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Chronic worriers more likely to suffer from PTSD

On Behalf of | Jan 3, 2013 | Social Security Disability Benefits

A recent study indicates that those who are chronic worriers are at a higher risk of developing post-traumatic stress disorder (PTSD) following traumatic events. The findings suggest that prior frequent worrying is an important risk factor that needs to be accounted for after a patient experiences trauma so that health care professionals can respond accordingly.

This is the first study of its kind to follow patients prior to suffering PTSD. In this recent study, test patients were given baseline tests evaluating their neuroticism and then given follow-up assessments at three, five and ten years after the baseline. What the study indicated was that those who had a higher score on the neuroticism scale at their initial assessment were more likely to suffer from PTSD than their counterparts.

Prior testing of PTSD has always been retrospective in that they have tested after the subject suffers a traumatic experience. This test, by assessing prior, during, and post PTSD, gives an accurate timeline and event indicators that researchers can study and evaluate with more precision. These findings, while unable to do much to prevent the occurrence of PTSD, do assist the healthcare profession in taking more care when a patient who has suffered a traumatic event has also experienced prior psychological disorders. Knowing that certain patients are more susceptible to PTSD following a traumatic experience can assist in providing proper preventative care.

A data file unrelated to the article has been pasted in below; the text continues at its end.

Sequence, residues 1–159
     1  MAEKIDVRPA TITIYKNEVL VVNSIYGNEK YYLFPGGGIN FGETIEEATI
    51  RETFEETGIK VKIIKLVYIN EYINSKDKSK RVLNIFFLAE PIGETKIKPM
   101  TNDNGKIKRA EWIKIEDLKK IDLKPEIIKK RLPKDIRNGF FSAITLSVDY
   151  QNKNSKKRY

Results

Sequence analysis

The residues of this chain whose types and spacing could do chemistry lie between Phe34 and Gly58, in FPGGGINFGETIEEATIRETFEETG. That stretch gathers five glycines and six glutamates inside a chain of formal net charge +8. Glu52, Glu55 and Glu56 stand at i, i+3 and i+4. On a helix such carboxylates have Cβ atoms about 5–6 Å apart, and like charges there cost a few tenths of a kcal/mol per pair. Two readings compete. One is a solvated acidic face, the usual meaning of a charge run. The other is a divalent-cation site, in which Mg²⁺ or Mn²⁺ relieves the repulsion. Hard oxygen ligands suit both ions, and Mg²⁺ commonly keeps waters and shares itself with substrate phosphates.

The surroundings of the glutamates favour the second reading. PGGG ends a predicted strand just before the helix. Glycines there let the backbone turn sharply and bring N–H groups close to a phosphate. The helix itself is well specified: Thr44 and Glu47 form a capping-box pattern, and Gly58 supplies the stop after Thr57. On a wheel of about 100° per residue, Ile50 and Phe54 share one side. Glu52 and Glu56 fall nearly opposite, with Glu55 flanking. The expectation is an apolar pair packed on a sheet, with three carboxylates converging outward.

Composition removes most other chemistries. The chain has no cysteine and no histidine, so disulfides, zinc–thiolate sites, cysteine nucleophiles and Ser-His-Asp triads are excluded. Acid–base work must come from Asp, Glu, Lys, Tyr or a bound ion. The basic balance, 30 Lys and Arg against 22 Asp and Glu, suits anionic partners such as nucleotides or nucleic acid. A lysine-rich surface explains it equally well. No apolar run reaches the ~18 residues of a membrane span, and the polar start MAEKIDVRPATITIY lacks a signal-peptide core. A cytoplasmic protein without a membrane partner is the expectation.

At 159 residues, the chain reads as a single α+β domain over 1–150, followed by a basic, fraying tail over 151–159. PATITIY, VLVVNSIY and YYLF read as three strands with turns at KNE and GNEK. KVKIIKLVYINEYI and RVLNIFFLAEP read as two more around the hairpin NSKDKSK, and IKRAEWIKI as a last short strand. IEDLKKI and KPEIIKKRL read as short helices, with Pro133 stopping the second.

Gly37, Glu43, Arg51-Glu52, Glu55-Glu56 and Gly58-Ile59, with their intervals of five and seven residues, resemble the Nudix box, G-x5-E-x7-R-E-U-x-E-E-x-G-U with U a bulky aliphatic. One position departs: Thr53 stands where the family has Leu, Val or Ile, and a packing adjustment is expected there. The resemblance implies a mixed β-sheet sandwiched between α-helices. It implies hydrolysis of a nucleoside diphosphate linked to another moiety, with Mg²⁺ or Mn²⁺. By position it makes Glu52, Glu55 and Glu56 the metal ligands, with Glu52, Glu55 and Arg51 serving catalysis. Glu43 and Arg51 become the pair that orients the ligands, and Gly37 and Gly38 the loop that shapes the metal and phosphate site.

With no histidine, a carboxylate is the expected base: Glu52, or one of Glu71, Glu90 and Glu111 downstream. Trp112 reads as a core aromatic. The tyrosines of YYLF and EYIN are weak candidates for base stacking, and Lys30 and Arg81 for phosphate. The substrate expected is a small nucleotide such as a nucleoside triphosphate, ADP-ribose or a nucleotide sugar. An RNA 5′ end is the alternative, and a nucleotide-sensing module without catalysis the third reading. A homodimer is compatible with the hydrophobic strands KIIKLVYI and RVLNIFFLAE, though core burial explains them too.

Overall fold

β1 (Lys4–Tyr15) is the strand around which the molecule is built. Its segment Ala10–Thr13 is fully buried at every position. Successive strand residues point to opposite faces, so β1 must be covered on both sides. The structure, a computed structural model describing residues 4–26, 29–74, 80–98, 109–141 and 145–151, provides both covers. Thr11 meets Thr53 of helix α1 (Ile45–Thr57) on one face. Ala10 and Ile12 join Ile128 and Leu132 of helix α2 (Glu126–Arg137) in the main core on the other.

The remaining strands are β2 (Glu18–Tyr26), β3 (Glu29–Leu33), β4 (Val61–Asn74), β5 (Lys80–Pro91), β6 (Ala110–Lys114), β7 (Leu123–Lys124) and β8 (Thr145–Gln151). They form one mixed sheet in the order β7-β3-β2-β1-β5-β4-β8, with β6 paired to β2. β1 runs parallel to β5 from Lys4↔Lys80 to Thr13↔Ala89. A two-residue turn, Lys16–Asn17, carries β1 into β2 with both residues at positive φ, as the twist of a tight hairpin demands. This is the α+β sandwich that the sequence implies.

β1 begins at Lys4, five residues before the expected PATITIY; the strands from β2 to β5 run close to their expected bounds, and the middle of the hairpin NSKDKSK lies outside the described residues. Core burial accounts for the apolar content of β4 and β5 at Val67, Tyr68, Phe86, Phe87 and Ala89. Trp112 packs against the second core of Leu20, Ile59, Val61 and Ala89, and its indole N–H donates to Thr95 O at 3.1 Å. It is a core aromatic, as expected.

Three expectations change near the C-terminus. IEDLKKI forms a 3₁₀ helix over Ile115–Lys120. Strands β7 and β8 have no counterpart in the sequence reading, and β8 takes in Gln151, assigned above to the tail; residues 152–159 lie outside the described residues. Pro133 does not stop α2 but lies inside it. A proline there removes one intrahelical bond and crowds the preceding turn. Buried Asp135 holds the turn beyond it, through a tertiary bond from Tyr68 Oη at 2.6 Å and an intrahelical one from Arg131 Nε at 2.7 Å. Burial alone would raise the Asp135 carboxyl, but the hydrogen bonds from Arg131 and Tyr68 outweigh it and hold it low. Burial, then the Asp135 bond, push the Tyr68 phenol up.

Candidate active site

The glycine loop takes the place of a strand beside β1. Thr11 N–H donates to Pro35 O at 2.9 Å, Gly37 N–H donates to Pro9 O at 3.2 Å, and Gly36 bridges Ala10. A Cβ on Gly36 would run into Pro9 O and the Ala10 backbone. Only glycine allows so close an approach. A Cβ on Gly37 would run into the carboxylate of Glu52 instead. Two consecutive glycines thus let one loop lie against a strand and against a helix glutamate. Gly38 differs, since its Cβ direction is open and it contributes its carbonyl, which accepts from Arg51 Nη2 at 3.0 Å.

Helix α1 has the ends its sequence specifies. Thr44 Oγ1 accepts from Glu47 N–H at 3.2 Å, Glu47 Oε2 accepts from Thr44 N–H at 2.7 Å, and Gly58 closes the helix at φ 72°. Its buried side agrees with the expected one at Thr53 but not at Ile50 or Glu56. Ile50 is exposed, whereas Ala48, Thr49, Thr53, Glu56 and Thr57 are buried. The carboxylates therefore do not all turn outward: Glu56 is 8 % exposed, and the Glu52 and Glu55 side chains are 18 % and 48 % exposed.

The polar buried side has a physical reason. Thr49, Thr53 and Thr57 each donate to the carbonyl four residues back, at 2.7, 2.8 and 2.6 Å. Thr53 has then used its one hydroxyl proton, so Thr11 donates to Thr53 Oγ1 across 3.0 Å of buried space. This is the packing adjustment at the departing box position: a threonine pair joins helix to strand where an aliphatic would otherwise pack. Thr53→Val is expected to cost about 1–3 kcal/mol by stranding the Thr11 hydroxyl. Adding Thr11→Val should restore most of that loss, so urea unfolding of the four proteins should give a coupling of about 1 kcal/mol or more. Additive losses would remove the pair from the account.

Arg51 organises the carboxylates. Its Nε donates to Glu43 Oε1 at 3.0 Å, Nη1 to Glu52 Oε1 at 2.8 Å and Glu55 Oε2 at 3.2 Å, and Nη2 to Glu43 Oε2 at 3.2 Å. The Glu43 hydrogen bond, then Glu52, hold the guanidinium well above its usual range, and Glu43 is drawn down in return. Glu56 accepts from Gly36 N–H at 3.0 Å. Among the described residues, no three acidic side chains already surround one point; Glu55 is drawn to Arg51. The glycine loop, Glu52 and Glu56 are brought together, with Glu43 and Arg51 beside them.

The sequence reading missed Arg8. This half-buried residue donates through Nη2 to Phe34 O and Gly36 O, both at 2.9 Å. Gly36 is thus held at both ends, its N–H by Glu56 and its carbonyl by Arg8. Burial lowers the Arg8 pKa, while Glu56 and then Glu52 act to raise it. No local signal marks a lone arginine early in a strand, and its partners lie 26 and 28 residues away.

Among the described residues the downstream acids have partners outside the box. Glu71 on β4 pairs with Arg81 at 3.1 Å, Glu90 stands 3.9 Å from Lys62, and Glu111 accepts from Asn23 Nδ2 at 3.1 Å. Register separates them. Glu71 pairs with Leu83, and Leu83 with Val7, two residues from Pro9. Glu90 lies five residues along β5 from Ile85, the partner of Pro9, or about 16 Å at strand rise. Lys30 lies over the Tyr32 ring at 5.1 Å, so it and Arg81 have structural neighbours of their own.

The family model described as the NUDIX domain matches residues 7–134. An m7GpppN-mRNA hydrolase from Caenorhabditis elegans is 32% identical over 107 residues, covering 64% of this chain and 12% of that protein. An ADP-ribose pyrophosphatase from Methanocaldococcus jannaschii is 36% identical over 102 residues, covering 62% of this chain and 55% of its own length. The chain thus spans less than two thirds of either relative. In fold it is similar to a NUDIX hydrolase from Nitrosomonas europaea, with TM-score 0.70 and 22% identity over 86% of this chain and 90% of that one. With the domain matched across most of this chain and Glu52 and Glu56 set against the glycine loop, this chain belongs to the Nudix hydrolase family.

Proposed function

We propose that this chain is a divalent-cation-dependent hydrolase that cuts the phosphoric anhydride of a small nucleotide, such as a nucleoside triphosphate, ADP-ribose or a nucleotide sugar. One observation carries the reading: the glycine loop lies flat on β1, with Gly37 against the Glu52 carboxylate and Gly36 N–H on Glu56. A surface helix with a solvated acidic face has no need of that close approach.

Those who suffer from neuroticism, which manifests itself in personality traits such as chronic anxiety, depression, and tendencies to overreact at daily challenges and disappointments, should seek medical assistance in order to best treat these symptoms. If they become debilitating or result in PTSD which prevents you from performing at a functional capacity in order to maintain substantial gainful employment, please reach out to an attorney practiced in the area of Social Security Disability law. They may be able to assist you in obtaining the Social Security Disability/Supplemental Security Income (SSD/SSI) benefits that are available to you.

Source: Medical Daily, “Chronic Worriers At Higher Risk of PTSD, Prospective Study Confirms,” Christine Hsu, Dec. 18, 2012

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